This is especially true in the case of tertiary prevention programs, i.e., those that aim to deradicalize individuals, disengage them from extremist groups, and reintegrate them into society. In 2010, Horgan and Braddock concluded that a) no systematic effort had been made to analyze such programs or initiatives; b) there were no explicit criteria for what was considered a successful outcome; and c) despite the widely publicized success of these programs by certain governments, little data existed that could independently corroborate this success. This means that available information regarding the effectiveness of tertiary prevention programs remains to be a matter of informed opinion rather than clear empirical evidence. In addition, many studies claim to be “evaluations” despite not meeting the basic standards expected of such types of studies. This is a serious issue because the implementation of prevention programs, without adequate knowledge about their potential outcomes and impact, may ultimately be counterproductive, stigmatizing, and lead to greater harms than benefits.
To address this knowledge gap, CPN-PREV conducted a systematic review of the literature on the effectiveness of tertiary prevention programs in the field of violent radicalization. The goals of our systematic review were as follows:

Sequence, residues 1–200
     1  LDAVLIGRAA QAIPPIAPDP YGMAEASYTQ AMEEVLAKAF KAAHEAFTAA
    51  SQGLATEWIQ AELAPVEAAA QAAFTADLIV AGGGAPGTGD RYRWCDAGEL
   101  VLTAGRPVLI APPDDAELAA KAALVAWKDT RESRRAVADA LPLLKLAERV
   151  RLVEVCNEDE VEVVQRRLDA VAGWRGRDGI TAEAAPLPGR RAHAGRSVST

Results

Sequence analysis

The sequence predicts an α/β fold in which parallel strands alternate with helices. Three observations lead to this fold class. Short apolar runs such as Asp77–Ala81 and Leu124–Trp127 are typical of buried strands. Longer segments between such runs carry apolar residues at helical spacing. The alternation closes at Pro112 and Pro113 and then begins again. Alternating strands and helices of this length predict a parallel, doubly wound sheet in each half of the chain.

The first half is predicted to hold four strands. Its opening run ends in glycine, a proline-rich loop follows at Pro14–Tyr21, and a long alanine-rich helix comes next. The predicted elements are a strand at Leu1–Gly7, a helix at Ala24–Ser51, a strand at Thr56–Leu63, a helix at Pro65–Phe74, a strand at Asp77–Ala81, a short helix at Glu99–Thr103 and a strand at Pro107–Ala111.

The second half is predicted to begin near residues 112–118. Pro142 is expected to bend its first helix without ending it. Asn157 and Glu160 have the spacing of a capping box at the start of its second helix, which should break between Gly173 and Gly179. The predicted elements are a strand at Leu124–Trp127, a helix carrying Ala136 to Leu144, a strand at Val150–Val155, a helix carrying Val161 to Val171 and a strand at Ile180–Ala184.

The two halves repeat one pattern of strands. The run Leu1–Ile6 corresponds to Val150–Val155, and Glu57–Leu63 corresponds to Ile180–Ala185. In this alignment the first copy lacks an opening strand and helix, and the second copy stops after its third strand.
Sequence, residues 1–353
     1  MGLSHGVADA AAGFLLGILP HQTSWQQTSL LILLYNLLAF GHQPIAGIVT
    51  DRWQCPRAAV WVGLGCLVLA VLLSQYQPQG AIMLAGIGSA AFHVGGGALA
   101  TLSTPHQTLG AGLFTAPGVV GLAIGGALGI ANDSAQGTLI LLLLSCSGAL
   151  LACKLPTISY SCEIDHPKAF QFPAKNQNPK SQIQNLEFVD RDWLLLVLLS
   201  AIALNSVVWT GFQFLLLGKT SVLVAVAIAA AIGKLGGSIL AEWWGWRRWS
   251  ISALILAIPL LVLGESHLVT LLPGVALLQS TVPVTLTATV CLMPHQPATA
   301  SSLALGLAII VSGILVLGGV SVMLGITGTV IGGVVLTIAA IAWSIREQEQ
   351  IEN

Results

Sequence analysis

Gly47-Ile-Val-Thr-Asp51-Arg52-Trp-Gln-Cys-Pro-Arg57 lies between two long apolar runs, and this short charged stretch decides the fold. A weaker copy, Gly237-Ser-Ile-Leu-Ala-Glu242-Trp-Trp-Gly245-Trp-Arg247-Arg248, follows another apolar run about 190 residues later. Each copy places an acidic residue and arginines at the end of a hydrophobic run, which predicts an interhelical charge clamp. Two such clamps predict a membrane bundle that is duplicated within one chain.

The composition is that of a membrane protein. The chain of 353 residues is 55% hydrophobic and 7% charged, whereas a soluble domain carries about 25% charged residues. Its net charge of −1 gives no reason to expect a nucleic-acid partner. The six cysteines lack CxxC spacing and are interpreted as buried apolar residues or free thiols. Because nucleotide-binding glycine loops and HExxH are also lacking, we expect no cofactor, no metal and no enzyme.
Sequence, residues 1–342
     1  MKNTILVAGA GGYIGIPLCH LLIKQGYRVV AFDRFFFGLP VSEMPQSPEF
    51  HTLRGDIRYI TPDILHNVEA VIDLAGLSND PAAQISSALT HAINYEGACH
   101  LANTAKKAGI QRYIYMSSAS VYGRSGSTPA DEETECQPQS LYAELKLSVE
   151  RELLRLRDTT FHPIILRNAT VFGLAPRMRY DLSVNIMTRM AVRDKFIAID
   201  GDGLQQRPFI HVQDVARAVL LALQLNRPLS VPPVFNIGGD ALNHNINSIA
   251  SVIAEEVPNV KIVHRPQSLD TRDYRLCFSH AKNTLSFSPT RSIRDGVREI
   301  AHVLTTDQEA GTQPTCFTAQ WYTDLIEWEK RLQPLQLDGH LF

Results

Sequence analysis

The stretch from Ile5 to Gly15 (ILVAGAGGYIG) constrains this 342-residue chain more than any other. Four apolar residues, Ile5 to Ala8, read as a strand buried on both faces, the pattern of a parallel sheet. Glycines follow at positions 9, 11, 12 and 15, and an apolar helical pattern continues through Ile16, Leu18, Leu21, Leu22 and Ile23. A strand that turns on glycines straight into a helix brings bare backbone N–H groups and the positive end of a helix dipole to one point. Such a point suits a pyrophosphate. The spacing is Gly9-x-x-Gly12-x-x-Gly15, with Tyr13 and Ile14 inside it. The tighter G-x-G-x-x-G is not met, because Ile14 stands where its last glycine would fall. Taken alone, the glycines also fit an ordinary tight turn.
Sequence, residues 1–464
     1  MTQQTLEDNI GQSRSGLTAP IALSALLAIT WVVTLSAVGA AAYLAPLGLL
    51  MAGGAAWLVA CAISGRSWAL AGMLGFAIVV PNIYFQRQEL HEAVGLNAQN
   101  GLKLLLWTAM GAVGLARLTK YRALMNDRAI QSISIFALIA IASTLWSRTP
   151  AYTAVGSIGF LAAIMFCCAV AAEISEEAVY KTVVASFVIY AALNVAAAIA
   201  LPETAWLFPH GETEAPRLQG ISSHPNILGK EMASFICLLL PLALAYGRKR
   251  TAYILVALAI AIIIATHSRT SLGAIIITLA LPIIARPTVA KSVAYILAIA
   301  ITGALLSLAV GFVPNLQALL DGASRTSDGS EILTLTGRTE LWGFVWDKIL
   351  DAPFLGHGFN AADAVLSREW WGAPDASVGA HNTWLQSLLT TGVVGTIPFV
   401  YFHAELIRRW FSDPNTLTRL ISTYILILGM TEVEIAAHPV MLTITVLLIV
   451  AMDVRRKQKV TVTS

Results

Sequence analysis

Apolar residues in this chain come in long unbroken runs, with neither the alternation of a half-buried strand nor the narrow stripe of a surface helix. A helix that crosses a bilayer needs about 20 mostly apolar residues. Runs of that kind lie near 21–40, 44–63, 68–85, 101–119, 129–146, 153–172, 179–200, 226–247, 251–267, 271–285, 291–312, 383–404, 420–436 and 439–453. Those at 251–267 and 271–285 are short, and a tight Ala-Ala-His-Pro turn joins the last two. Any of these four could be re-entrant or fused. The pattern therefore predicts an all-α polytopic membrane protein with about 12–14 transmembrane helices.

- To describe the outcomes of tertiary PVE programs in terms of reducing the risk of violent radicalization;
- To identify specific program modalities associated with a higher chance of success or failure for the targeted populations;
- To assess the quality of the literature in order to identify knowledge gaps and studies that should be given more (or less) weight in the interpretation of results; and
- To formulate preliminary recommendations for program providers, policymakers, practitioners, and researchers working in the field of PVE.
The review aimed to provide a reliable, trusted, and valid knowledge base for the development of evidence-based guidelines that would speak to practitioners, researchers, and deciders from multiple sectors.